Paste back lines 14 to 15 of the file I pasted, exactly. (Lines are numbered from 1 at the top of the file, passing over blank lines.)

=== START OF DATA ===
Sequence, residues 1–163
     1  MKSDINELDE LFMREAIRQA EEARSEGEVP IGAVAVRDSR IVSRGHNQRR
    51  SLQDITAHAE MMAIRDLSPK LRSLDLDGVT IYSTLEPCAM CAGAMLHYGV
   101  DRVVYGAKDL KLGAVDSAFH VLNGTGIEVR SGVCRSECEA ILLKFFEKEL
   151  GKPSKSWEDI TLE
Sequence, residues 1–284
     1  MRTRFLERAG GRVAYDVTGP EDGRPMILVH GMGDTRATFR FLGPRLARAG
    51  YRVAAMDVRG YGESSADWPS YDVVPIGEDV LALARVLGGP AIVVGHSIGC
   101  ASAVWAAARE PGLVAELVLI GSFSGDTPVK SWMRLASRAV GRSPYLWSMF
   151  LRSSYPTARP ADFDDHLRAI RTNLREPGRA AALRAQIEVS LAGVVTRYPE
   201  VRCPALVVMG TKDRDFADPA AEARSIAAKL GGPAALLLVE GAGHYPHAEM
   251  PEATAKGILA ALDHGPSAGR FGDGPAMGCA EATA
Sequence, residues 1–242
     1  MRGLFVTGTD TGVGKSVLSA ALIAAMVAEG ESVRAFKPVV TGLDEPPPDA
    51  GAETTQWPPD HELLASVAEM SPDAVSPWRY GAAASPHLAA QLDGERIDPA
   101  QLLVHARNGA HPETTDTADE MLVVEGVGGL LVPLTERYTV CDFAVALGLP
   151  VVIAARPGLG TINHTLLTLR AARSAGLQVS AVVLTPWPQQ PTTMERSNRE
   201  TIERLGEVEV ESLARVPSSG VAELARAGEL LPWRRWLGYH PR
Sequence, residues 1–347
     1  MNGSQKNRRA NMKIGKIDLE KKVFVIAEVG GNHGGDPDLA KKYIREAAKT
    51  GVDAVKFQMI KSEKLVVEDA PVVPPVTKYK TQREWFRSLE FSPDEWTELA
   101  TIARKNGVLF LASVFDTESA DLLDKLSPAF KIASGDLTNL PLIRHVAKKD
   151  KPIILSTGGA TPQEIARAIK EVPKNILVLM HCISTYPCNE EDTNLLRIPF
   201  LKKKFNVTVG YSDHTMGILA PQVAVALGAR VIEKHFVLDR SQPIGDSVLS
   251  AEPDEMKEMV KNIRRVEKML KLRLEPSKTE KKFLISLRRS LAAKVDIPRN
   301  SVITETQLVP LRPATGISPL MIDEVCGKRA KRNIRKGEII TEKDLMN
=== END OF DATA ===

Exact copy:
     1  MRGLFVTGTD TGVGKSVLSA ALIAAMVAEG ESVRAFKPVV TGLDEPPPDA
    51  GAETTQWPPD HELLASVAEM SPDAVSPWRY GAAASPHLAA QLDGERIDPA